The goals of holistic medicine seem as though they are always up to the individual to interpret. Though there is common ground on a lot of the principles that comprise a holistic approach to healthcare, there is no clearly-defined way to treat patients in such a manner. In order to treat and prevent illness, disease, and injury in children the most important tenet is the awareness of what comprises such an approach most optimally.
How is holistic care defined?
Dr. Kathi J. Kemper is the former Director of the Center for Holistic Pediatric Education and Research at The Children’s Hospital in Boston. In describing the common correlations she experienced in her many years in pediatrics, Dr. Kemper said the following in her Presidential Address to the Ambulatory Pediatric Association, “Holistic medicine is really just good medicine. It means caring for the whole child in the context of that child’s values, their family’s beliefs, their family system, and their culture in the larger community, and considering a range of therapies based on the evidence of their beliefs and cost.”
Pediatric Integrative Medicine (PIM) is an approach to child healthcare that has evolved over the course of almost 30 years. As per Esparham et al, this type of relationship-centered care “focuses on the whole person, is informed by evidence, and makes use of all appropriate therapeutic approaches, healthcare professionals, and disciplines to achieve optimal health and healing, including evidence-based complementary and alternative medicine. Pediatric integrative medicine (PIM) develops and promotes this approach within the field of pediatrics”. 
Core tenets of PIM
For the last 20 or so years, PIM Leadership Summits around the world have added significant value and discussion to the role that complementary health care approaches that incorporate holistic regimens and conventional care can do to keep kids healthier. The core tenets of PIM in regards to pediatric care are as follows:
Getting ahead of disease and health-related injuries by improving and maintaining healthy lifestyle habits that involve proper diet, exercise, rest, healthy relationships, and mindfulness even at a base level can do wonders to keep children feeling healthy longer and more often.
A healthy environment to rear and develop children is just as paramount as any other foundation covered. Home life, school life, and a positive connection to the communities they grow up in make kids feel like they belong and are safe.
Building an open rapport between parents, children, and health care professionals builds a “winning team” that ensures the child’s best interests are always in mind each step of the way.
Every child’s needs are unique – that’s no different when providing medical care. Any number of hereditary or situational variables affect what care is to be applied and to whom. Absolute control is in the hands of families when determining what options, treatments, hospitals, doctors, etc to work with in order to maintain the best possible outcomes for care, treatment, and rehabilitation.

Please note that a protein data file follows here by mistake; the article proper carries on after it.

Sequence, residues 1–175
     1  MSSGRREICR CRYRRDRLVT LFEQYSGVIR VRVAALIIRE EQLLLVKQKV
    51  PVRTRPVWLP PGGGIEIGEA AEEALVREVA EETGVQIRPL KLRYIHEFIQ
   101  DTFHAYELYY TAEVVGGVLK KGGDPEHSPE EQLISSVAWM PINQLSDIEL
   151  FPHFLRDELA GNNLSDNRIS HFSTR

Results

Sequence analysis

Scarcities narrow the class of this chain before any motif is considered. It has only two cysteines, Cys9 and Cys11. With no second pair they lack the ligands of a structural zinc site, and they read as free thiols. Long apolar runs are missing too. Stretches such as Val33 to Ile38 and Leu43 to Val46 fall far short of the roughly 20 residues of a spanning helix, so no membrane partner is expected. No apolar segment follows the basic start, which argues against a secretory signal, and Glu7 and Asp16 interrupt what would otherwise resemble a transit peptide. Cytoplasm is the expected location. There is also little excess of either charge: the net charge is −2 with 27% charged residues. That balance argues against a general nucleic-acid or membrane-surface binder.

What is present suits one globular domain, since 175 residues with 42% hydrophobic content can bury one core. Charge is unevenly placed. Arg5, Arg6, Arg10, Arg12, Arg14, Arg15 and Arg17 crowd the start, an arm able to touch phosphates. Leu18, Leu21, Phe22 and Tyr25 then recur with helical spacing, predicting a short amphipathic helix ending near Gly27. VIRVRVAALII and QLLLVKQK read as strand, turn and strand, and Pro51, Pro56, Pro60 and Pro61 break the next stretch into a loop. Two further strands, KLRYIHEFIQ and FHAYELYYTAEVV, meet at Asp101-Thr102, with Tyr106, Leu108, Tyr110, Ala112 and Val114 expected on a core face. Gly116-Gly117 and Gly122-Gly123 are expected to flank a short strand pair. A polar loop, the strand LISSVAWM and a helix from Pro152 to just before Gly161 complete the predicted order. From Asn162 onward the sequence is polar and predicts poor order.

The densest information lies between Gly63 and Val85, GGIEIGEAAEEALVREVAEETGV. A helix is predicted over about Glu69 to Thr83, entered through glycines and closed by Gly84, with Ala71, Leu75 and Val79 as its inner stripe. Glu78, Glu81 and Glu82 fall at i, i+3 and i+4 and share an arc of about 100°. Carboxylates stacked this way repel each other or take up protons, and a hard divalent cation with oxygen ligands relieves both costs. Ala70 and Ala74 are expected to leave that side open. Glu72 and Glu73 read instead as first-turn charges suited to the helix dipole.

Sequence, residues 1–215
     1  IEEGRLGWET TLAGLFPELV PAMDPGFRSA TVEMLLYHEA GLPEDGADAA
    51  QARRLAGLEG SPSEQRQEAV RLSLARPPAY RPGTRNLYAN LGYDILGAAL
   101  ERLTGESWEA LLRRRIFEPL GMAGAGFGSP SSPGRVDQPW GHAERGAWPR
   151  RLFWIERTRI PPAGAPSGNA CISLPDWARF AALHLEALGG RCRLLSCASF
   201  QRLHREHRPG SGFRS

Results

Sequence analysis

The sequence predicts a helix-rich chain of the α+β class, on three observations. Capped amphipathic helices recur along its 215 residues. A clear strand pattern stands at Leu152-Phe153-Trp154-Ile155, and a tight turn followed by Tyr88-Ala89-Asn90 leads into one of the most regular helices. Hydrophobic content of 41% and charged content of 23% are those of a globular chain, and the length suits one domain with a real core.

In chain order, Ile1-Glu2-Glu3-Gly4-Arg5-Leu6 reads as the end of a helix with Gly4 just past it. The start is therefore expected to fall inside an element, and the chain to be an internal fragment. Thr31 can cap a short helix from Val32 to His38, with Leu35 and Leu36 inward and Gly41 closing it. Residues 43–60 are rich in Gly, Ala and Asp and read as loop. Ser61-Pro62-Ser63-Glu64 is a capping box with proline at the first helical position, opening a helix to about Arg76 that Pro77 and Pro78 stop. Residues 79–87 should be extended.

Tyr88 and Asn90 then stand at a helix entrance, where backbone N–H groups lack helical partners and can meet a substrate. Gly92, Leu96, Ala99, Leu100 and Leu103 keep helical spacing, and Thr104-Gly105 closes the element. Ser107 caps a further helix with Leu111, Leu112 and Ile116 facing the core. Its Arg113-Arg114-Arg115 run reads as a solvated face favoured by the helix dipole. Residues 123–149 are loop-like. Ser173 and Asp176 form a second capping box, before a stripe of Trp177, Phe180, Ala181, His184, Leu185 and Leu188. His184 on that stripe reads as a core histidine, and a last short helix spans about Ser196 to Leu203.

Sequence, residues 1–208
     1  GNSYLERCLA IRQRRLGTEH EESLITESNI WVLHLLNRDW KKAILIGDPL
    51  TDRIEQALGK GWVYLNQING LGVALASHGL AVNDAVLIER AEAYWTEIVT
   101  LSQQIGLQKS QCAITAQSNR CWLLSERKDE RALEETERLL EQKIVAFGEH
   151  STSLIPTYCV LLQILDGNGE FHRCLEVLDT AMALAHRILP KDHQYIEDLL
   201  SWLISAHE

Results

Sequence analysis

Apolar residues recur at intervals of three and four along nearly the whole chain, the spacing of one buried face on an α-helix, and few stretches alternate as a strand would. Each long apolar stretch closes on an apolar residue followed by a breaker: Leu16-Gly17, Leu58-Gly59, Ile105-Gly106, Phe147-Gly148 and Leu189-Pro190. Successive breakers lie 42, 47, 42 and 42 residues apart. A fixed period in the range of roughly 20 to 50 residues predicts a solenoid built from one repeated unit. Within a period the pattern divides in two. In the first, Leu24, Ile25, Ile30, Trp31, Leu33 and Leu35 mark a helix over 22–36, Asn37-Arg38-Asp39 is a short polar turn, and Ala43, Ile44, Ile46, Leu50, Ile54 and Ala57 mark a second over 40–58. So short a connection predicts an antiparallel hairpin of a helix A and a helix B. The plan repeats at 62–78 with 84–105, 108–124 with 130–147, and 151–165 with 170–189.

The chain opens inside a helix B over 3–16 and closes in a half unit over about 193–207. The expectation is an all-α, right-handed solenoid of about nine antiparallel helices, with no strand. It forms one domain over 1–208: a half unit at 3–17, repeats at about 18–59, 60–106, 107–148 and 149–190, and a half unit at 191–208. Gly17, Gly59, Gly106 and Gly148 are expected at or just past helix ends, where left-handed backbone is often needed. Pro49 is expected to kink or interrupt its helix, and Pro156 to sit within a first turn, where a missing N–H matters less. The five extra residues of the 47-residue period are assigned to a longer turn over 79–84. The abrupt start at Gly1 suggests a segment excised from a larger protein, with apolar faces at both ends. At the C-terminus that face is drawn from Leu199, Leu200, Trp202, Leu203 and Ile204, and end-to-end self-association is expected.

That same decision-making power that families personalize in regards to treatments, providers, doctors, etc needs to also resonate at home. Lifestyle changes that are all-inclusive and have the support and enthusiasm of the entire “home team” empower not just kids but entire families to make more mindful choices.
We are all a part of what makes up the world – keeping in mind what healthcare practices are simultaneously good for the patient and the Earth itself creates a more positive impact on the health of all.
Therapeutic application is ultimately affected by scientific evidence, as demonstrated in the chart below:
The evolution of PIM and the integration of holistic treatment for children has evolved and been informed tremendously by regular discussion, institutional conferences, sharing of factual evidence, and the trial-and-error of medical providers for almost 30 years.
As this integrative methodology still continues to evolve, the main foundations upon which PIM has been established will continue to dictate the results that doctors, health systems, and most importantly – families and pediatric patients can expect when the scope of treatment goes beyond only just what conventional Western healthcare treatment alone can do.
 Esparham, Anna, Sanghamitra, Misra, Sibinga, Erica, Culbert, Timothy, Kemper, Kathi, McClafferty, Hilary, Vohra, Sunita, Rosen, Lawrence. Pediatric Integrative Medicine: Vision for the Future. Children (Basel). 2018.doi: 10.3390/children5080111. [journal impact factor = 2.078; times cited = 16]